the latest trend that triumphs to lose weight and deflate the belly

In recent months you may have heard of the FODMP diet, a nutritional plan reduced in fermentable carbohydrates that helps lose weight and finish the swollen belly. Although its use is recommended in people with gastrointestinal pathologies, it tends to be low in sugars and contribute to weight loss.

This diet includes a wide variety of food of the different groups, but excludes those plant foods rich in fermentable short-chain carbohydrates and that in some people they can reach the large intestine undigested and be a substrate for bacteria, causing gas, bloating, abdominal pain and even diarrhea.

It is an eating plan reduced in sugars and foods that contain resistant starch such as potatoes, sweet potatoes, corn, legumes or whole grains. And of course, remove the commercial sweets and all kinds of processed with added sugars

Experts recommend the FODMAP diet to people who frequently suffer from abdominal distention, flatulence, diarrhea or other gastrointestinal pathologies and especially to patients suffering from irritable bowel or Crohn’s disease, as It reduces inflammation and abdominal pain and the rate of evacuation of the intestine.

Although it has become fashionable among people looking to lose weight, experts recommend not following this diet if you do not have any pathology and much less do it without medical supervision, since it can put your health at risk.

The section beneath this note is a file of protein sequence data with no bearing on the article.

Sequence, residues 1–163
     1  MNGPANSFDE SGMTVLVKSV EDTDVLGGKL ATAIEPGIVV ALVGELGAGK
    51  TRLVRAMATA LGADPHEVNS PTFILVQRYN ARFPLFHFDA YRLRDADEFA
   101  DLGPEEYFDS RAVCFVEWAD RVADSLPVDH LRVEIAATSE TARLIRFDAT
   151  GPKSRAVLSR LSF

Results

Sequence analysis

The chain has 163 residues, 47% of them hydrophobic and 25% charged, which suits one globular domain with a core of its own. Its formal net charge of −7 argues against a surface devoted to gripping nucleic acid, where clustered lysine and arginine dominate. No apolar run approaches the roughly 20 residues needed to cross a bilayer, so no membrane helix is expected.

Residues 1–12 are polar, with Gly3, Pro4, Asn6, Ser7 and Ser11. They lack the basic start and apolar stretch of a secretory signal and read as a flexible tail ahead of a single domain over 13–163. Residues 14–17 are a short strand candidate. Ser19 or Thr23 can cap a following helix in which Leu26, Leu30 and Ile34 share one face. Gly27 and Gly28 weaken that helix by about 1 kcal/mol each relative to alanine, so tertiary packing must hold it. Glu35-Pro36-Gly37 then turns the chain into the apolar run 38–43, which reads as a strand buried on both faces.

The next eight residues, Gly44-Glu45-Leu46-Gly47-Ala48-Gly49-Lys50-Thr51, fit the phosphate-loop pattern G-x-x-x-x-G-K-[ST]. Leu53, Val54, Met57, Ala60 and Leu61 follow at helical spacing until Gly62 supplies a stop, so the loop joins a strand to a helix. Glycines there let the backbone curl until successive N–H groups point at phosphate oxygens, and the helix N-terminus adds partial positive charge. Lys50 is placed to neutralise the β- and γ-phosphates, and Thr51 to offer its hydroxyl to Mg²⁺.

Also the FODMAP diet is very restrictive, since it is limited to few foods and preparations, so if it is maintained long-term without the supervision of a nutritionist, nutritional deficiencies may develop.

Foods that should be consumed following the FODMAP diet:

  • Fruits such as blueberries, coconut, currant, banana, kiwi or tangerine.
  • vegetables like olives, celery, chard, spinach or endives.

  • Dairy and substitutes such as cured cheeses, mozzarella, yogurt and lactose-free dairy or vegetable drinks.
  • The meats raw, the white and blue fish, and the egg.

  • Cereals and tubers such as rice, corn or quinoa.
  • Sweeteners such as sugar, glucose and aspartame.

  • Nuts and oils such as nuts, olive or sunflower oil.


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